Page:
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Healthy Gums for Healthy Heart

Posted Nov 24 2013 10:07pm

Atherosclerosis, or the narrowing of arteries through the build-up of plaque, is a major risk factor for heart disease, stroke, and death. While data among anti-aging dental specialists suggests a causal connection between periodontal disease and heart disease, Moïse Desvarieux, from Columbia University's Mailman School of Public Health (New York, USA), and colleagues submit data resultant from a prospective study that finds that as gum health improves, the progression of atherosclerosis slows to a clinically significant degree.  The researchers followed 420 adults residing in Northern Manhattan, enrolled in the Oral Infections and Vascular Disease Epidemiology Study (INVEST). Participants were examined for periodontal infection. Overall, 5,008 plaque samples were taken from several teeth, beneath the gum, and analyzed for 11 bacterial strains linked to periodontal disease and seven control bacteria. Fluid around the gums was sampled to assess levels of Interleukin-1beta, a marker of inflammation. Atherosclerosis in both carotid arteries was measured using high-resolution ultrasound.   Over a median follow-up period of three years, the researchers found that improvement in periodontal healthhealth of the gumsand a reduction in the proportion of specific bacteria linked to periodontal disease correlated to a slower intima-medial thickness (IMT) progression, and worsening periodontal infections paralleled the progression of IMT.  There was a 0.1 mm difference in IMT change over three years among study participants whose periodontal health was deteriorating compared with those whose periodontal health was improving. Previous research has shown that a .033 mm/year increase in carotid IMT (equivalent to approximately 0.1 mm over three years) is associated with a 2.3-fold increased risk for coronary events. The study authors conclude that: “Longitudinal improvement in clinical and microbial periodontal status is related to a decreased rate of carotid artery [intima-medial thickness] progression at 3-year average follow-up.”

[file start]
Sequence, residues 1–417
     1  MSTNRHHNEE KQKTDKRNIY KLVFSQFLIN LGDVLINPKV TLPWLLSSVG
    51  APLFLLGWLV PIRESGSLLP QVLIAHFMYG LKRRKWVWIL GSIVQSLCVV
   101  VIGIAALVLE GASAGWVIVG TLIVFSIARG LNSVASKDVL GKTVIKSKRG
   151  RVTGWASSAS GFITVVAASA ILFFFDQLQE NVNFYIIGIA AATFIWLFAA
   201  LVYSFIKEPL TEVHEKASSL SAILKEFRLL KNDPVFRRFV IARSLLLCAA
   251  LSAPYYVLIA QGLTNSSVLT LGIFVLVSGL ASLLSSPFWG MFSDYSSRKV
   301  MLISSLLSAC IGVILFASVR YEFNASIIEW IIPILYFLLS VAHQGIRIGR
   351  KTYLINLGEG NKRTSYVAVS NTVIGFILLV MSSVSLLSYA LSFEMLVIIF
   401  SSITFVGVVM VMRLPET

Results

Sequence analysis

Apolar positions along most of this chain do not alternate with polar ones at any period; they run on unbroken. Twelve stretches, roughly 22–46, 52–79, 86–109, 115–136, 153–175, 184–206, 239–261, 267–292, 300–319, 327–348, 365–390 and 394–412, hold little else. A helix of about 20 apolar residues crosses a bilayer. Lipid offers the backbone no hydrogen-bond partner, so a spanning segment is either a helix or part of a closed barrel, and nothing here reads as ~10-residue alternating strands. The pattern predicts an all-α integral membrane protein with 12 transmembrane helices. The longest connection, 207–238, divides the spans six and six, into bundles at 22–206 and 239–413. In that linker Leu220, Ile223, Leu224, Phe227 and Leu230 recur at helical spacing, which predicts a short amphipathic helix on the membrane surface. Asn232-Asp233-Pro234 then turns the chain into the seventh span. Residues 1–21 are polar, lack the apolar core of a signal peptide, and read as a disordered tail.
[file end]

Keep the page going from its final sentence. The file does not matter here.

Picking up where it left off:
Desvarieux M, Demmer RT, Jacobs DR, Papapanou PN, Sacco RL, Rundek T.  “Changes in clinical and microbiological periodontal profiles relate to progression of carotid intima-media thickness: the oral infections and vascular disease epidemiology study.”  J Am Heart Assoc. 2013 Oct 28;2(6):e000254.

  
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